In early October, I attended the ITS World Congress in Bordeaux and had the opportunity to speak at an Executive Session. I even got to spend a few days of rest and relaxation in Paris before the conference and was reminded of how well the French treat food.
I’ve participated in most of the World Congresses so I had a pretty good idea how it would run. With that as prologue let me take advantage of this forum to muse on the idea and the reality of a World Congress and offer some of my usual candid thoughts.
The first World Congress was in Paris in the mid-1990s and I had just left government for the world of consulting engineering. I had just developed E-ZPass, the toll scheme in Northeastern USA, and was eager to see what was happening beyond the US shores. I was surprised at how organized the European countries were, as well as how impressive the unified plan for deployment from Japan was. At first glance I saw seamless development and deployment elsewhere, while I had struggled with independent agencies in seven states to agree on a joint technology.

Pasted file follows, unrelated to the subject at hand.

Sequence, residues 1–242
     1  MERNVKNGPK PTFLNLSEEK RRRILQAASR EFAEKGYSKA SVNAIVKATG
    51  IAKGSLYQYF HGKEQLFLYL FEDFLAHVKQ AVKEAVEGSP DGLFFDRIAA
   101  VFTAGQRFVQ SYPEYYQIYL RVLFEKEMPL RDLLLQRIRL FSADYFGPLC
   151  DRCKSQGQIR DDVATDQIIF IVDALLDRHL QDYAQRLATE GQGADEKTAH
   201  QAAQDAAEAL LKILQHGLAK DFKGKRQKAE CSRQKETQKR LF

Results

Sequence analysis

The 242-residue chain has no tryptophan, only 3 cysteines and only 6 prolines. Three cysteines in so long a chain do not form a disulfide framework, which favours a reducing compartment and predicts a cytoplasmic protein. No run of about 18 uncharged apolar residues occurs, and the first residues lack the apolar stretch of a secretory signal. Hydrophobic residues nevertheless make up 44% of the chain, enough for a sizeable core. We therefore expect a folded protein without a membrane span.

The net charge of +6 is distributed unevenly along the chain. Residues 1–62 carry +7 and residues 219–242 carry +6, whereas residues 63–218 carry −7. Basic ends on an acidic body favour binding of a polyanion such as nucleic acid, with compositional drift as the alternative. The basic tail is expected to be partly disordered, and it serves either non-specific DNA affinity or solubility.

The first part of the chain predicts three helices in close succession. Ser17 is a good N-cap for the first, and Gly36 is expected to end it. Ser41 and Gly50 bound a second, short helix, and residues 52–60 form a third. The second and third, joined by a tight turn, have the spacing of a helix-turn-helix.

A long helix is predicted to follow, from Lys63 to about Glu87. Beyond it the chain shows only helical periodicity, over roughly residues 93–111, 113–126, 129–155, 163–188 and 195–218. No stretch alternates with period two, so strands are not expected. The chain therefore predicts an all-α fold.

Over time, I came to realize that the internecine struggles between governments and operating entities was a global phenomenon and not just limited to the USA. Based on that reality, I guess I’m not surprised that there is too little international cooperation among the ITS community. Some years back, when I was ITS America board chair, I initiated a dialog with ERTICO-ITS Europe to develop an international position on how ITS was an essential element of sustainability. The idea was to work together on a position that we could then individually use with our governments to generate support for ITS. That effort faded away after several meetings and a draft white paper that neither of us was able to use effectively. Perhaps the time is once again ripe for real international cooperation. The Congresses are a forum for what I call ‘show and tell’. All of the major panels have an equal representation from the USA, Europe and Asia, selected by their associations. We do hear a lot of great presentations, but do not have cooperation on the agenda.
In a struggle for public resources, infrastructure is not faring very well in the USA, so it’s no surprise that the technology to make it more efficient fares even less well. I have to believe that our friends in Europe and Asia face the same challenges with government funding. Privately funded and commercially available ITS will fill in part of the need, but dedicated public funding for ITS infrastructure will still be needed at a higher level than today.
Maybe we can use the World Congress as a forum to polish our arguments, develop joint position papers, and help each other to achieve the level of deployment that we know is required. Let’s be a World Congress and not just a World Conference.